If you know anyone wondering about the basics of collaborative law, a great article just came out in the San Antonio Express-News, featuring Kim Munsinger and Harry Munsinger explaining how collaborative law works, and how, as the title of the article suggests, it can help to “take the fight out of divorce.”
Kim Munsinger isn’t just a practicing collaborative lawyer — as readers of this blog know, she’s recently edited the excellent Collaborative Law: Start to Finish from TexasBarBooks, designed for family lawyers who want to learn more about the collaborative law process.
The article includes some examples of cases that they’ve worked on over the years, detailing successes that they’ve had in helping couples come to creative solutions helping the couple and their children navigate their post-divorce lives. These paragraphs in particular highlight that work:
“I had a recent case where both the couple traveled for work,” Harry Munsinger said. “We worked out a 50-50 custody arrangement where the children were with one parent for a week, then the other for a week. The other parent would travel during the week they didn’t have the kids.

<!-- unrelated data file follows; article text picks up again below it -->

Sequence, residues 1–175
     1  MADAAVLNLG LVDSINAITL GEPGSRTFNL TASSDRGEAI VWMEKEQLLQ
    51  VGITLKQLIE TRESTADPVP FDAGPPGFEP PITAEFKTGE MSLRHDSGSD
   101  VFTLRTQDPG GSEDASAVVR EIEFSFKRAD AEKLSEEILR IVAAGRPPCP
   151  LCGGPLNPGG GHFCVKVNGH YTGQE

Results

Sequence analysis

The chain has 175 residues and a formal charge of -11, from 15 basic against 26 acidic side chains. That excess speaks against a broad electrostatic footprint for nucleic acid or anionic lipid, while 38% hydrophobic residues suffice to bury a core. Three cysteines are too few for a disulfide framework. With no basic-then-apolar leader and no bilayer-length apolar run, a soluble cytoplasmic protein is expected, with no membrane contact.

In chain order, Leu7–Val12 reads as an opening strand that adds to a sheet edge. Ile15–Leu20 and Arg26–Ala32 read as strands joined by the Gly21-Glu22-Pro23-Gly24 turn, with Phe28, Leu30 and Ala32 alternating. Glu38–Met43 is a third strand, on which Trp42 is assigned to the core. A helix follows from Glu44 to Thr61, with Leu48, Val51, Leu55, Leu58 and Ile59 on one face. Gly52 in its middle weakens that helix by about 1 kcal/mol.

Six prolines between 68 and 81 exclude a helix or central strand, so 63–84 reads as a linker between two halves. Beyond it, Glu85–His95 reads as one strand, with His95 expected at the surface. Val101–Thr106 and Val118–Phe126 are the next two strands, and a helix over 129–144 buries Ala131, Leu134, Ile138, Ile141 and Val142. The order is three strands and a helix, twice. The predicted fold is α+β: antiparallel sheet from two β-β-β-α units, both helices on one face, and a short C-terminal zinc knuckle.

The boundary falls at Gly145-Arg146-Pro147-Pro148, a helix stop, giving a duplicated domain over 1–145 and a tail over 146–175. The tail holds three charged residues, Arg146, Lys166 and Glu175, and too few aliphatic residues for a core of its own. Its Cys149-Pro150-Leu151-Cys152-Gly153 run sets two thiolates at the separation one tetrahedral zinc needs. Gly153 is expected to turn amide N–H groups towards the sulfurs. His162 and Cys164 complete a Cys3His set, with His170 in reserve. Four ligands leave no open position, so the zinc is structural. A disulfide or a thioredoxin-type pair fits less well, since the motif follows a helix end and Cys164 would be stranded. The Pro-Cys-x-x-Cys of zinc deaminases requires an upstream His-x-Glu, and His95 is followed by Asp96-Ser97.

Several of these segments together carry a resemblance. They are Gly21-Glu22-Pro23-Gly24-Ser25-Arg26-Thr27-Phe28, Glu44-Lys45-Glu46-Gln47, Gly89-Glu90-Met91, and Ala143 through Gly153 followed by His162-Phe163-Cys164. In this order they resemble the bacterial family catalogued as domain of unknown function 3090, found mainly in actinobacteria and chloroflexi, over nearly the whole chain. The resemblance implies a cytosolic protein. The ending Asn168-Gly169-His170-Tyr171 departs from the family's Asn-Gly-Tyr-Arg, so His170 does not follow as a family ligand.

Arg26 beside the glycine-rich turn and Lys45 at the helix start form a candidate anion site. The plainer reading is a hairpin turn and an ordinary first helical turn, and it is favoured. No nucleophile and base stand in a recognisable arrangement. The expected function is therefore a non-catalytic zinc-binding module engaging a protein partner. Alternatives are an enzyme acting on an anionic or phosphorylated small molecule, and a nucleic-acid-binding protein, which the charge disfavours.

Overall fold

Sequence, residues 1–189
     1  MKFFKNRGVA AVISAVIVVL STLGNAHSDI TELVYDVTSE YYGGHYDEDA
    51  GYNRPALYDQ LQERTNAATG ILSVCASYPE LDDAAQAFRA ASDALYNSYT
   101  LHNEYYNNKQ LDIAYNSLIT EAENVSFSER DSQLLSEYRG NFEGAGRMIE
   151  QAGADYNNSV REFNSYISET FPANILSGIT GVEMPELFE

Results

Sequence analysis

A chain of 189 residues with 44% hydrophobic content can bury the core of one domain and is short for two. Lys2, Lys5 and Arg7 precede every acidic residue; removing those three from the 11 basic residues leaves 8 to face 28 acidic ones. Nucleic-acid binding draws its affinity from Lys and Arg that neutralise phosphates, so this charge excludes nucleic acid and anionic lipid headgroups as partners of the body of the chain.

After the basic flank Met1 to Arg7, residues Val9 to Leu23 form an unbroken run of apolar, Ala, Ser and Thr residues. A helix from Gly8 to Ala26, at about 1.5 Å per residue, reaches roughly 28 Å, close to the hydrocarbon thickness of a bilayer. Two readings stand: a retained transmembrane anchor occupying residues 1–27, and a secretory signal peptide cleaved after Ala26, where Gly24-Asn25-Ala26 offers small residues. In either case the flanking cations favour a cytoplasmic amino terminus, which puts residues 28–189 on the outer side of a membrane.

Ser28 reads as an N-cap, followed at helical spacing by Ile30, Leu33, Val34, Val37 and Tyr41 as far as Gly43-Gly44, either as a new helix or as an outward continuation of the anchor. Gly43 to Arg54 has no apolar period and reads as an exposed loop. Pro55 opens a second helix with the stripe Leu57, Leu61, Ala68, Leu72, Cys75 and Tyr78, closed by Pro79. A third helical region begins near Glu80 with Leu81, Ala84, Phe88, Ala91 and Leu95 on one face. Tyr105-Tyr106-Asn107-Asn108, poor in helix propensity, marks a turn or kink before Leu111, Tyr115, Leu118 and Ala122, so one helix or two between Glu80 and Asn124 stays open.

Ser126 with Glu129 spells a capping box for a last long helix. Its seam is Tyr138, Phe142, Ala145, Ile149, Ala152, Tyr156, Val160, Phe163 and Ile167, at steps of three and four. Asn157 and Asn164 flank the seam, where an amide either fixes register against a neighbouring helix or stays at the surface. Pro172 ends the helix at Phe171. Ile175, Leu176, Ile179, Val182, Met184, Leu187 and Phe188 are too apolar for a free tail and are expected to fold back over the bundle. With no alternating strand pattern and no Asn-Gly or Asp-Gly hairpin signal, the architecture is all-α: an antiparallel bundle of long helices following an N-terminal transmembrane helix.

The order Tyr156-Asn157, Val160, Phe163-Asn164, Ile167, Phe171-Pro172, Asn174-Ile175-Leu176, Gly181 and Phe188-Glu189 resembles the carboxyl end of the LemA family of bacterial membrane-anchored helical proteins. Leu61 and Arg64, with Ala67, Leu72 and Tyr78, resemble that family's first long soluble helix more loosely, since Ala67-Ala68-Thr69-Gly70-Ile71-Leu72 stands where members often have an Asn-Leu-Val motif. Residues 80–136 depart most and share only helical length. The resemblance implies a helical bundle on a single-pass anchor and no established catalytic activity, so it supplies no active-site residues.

“And there was no child support involved. Each parent made a decent income, so each supported the kids when they were with them. It worked out very well for them.”
“When it’s done in good spirit, there is even generosity,” Kim Munsinger said. “I just had a case where it was very important to the adult children that their mom was going to be (financially) OK, and their dad stepped up to the plate. When things start working that way, it’s a positive, virtuous cycle rather than the negative.”
The article, of course, also talks about the role that other team members can have in the collaborative law process, such as financial neutrals and mental health professionals, but it focuses on the excellent legal perspective that the Munsingers bring to the table.